POST – Clinical Trials

Before a prescription medication is available for public use, it goes thru numerous testing and trials.  Understanding this process is extremely important in this time of Covid.

I will try to explain how a chemical compound goes from “discovery” to being available in the pharmacy.

Chemical compound is discovered:

Researchers in universities, drug companies, or in privately owned labs are constantly searching for or creating new compounds in their laboratories.  In recent years, many of these compounds are “custom” made.

The researchers first identify certain chemical properties which might be useful for a specific disease or condition.  They then try to create chemical compounds which have the needed chemical properties.  Many times, hundreds of chemical compounds are created to find the one compound that contains all the necessary properties.  Once a specific chemical compound is identified, it is then tested for safety in small animals (such as mice).

If the researcher feels the chemical is safe in small animals and has the potential for being a safe and effective treatment in humans, the chemical compound then proceeds to “clinical trials.”

Creating, searching, identifying a potential chemical compound takes numerous years, and hundreds of millions of dollars.

Clinical Trials

To assess the safety and efficacy of a chemical compound, it must be tested in humans before it is available in the pharmacies.  Clinical trials are research studies performed in people that are aimed at evaluating the safety and effectiveness of a medical treatment.

There are 4 phases of clinical trials.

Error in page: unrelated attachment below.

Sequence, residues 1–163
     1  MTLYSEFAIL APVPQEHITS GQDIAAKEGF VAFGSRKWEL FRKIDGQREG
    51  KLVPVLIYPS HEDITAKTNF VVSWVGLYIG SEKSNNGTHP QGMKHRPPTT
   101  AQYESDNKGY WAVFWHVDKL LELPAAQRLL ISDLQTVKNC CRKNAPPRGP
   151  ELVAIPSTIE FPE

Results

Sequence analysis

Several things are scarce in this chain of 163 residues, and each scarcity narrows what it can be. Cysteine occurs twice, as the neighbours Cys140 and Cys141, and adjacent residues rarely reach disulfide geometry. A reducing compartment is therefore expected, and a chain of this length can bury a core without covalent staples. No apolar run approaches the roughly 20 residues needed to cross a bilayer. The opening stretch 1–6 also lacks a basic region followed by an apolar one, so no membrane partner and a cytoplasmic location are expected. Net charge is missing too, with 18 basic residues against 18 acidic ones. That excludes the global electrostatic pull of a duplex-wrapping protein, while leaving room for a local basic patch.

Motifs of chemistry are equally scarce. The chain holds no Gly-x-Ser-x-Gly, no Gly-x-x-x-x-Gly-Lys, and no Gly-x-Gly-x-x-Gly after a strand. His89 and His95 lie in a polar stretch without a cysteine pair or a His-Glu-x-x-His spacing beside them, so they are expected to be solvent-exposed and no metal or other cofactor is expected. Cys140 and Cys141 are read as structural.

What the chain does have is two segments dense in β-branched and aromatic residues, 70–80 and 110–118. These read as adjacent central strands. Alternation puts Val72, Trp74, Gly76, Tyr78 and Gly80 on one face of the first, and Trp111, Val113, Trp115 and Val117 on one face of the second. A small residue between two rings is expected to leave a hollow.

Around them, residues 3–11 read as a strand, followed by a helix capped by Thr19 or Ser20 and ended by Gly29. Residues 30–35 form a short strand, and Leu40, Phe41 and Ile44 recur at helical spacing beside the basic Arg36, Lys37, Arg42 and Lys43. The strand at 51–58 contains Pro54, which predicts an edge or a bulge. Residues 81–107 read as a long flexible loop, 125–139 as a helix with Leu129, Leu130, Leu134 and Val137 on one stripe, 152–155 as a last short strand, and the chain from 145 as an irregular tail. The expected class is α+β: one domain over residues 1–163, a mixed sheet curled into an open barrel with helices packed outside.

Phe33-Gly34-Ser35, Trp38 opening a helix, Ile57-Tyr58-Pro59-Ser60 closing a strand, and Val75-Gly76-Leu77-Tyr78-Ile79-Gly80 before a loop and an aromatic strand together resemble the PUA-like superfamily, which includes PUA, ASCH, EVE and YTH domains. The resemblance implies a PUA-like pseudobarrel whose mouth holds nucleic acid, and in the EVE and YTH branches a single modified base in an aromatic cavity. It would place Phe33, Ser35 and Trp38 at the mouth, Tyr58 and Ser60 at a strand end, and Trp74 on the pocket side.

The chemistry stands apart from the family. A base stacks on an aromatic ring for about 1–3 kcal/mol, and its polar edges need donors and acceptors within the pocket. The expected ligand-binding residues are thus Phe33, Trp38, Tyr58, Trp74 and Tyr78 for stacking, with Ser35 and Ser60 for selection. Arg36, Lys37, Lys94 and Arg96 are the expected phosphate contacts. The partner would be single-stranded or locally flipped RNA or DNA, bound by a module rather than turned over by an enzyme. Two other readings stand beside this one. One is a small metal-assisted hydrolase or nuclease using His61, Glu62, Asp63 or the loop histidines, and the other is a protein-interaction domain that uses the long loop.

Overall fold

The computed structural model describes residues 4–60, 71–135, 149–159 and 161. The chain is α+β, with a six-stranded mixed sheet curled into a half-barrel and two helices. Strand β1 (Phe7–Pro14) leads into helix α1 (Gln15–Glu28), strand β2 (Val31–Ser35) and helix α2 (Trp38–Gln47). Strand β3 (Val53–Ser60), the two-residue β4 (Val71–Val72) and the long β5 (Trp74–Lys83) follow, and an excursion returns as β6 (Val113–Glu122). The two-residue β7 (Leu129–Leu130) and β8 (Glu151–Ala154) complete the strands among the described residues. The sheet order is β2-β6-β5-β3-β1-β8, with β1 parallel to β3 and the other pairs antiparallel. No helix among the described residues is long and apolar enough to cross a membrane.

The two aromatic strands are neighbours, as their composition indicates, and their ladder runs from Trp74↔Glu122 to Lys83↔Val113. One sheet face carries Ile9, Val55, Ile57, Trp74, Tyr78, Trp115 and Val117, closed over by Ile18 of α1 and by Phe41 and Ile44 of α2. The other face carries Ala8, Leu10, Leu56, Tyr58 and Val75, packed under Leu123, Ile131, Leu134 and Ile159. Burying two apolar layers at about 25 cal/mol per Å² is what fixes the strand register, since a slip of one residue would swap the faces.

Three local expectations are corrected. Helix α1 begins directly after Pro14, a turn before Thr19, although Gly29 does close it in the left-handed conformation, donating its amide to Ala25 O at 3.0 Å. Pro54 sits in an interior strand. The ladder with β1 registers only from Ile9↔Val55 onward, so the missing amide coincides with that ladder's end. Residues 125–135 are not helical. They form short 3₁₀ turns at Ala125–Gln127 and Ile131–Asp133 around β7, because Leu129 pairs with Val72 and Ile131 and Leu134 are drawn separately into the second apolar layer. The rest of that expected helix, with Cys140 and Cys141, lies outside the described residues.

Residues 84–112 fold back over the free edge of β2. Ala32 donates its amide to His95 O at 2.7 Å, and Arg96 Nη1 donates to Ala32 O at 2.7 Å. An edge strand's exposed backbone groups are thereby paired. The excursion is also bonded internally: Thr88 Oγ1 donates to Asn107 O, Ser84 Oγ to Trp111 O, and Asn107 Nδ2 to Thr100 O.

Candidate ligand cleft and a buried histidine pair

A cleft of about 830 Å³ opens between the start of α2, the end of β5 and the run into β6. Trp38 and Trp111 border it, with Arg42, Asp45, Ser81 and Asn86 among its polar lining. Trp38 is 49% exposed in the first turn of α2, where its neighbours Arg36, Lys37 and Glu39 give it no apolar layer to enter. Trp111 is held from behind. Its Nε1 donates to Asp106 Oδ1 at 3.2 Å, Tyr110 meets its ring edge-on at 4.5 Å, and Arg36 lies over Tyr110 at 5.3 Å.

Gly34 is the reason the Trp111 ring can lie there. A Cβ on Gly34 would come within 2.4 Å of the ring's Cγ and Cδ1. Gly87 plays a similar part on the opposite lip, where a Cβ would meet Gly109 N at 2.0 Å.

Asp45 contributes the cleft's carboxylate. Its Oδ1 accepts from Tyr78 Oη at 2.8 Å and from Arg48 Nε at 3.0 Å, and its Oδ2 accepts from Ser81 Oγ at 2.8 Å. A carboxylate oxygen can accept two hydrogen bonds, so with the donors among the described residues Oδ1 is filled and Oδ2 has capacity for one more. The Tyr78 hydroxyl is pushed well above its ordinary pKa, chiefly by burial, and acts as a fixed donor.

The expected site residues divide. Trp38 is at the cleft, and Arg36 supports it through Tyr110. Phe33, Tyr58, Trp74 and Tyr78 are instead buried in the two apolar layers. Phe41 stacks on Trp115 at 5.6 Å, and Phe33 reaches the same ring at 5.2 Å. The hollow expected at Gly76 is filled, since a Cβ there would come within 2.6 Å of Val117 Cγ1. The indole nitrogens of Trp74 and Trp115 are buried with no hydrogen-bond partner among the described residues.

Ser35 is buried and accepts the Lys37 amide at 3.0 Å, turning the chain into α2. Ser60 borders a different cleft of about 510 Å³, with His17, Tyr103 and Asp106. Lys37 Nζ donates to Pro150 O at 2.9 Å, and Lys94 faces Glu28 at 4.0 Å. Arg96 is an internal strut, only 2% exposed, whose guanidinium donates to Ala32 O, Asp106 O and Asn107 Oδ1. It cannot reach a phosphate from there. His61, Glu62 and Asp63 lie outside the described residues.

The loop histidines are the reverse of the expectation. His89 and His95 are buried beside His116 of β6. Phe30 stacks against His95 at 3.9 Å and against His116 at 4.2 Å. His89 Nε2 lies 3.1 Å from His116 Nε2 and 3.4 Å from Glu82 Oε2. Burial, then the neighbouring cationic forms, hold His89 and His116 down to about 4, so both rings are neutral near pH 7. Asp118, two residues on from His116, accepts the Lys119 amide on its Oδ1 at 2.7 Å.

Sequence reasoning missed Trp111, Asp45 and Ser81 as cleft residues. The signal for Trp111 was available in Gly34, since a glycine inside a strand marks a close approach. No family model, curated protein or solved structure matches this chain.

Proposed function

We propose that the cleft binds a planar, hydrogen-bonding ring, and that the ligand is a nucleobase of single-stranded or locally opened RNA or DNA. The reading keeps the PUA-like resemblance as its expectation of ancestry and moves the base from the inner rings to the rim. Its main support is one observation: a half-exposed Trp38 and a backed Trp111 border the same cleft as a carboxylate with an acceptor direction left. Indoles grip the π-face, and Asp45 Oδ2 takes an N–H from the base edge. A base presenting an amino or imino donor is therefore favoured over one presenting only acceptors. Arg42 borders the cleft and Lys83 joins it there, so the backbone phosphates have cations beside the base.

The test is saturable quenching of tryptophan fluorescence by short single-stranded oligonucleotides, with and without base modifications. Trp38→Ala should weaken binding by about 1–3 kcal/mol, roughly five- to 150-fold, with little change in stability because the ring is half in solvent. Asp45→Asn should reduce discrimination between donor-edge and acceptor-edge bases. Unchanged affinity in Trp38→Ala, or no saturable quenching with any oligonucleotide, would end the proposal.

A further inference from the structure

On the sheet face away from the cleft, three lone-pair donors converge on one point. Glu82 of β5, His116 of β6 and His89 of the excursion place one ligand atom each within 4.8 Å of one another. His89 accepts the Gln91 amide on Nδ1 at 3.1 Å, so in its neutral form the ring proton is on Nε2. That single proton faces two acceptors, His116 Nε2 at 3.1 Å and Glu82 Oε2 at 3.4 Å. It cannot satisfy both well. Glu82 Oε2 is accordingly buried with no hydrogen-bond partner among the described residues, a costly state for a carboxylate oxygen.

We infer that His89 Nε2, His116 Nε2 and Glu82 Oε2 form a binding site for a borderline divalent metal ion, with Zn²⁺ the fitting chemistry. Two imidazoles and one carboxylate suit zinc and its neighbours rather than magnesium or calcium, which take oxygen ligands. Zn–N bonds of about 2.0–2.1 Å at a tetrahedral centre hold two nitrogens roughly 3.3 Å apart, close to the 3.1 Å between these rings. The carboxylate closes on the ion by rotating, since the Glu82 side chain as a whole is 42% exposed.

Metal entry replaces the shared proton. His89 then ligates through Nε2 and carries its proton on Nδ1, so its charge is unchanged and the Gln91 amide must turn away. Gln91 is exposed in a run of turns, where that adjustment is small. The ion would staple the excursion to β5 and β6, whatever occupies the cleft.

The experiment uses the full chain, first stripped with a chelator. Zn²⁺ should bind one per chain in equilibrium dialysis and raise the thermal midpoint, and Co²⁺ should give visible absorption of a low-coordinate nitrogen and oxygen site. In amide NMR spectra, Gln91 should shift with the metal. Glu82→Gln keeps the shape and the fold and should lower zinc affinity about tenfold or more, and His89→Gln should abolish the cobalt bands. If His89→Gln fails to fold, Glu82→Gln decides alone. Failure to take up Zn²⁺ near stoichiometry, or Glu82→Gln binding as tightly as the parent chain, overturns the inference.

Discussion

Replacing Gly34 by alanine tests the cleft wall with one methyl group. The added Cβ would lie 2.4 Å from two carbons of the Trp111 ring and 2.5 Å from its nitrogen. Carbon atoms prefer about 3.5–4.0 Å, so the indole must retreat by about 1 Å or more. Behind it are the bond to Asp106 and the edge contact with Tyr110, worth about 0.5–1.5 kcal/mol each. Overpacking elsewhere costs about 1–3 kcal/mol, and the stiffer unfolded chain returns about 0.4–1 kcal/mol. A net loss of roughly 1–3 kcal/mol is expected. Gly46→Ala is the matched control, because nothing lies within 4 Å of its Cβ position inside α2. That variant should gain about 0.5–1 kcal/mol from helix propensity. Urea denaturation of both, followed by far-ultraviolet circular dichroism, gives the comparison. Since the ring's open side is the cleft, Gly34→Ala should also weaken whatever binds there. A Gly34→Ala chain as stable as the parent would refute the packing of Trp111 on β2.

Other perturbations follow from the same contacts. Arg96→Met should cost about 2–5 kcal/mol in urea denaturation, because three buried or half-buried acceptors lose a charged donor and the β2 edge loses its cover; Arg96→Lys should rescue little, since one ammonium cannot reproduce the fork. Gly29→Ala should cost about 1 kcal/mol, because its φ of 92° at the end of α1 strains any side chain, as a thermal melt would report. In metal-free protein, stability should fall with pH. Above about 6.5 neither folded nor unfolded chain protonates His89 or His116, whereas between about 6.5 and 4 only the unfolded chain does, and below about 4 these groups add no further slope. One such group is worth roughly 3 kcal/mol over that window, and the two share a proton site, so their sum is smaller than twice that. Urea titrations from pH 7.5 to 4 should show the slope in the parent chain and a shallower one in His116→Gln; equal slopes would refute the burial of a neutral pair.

Phase 1 – uses the proposed chemical compound on a very small group of HEALTHY people (20 – 80) to judge its safety and side effects, and to find the correct dosage.  These trials usually last a few months.

Phase 2 – uses more people (100 – 300) to obtain preliminary data on whether the drug is effective in people with a certain disease or condition.  While the emphasis on Phase 1 is on safety, the emphasis on Phase 2 is on effectiveness.  These trials continue to study safety, including short term side effects, and can last several years.

Phase 3 – uses a large number of patients (500 – 3000), studying different populations and different dosages, to gather detailed information about safety and effectiveness.  These trials can take several additional years.

Once the results are analyzed from the Phase 3 trials, the drug company submits all the data, and their intended use, to the FDA.  If the chemical compound is not effective, or if the side effects are too dangerous, the medication is dropped and it is never reviewed by the FDA.

If the FDA agrees that the trial results of favorable, with acceptable side effects, it will approve the experimental drug.

Only after the FDA approves the medication can the drug be prescribed by your physician and used by the general public.

Phase 4 – takes place AFTER the FDA approves the medication.  In a phase 4 trial, the safety and effectiveness are monitored in large, diverse populations.  Many times, the side effects of a drug may not become clear until more people have taken the medication over a longer period of time.

Stay safe!

  • Sudhir S. Athni, MD
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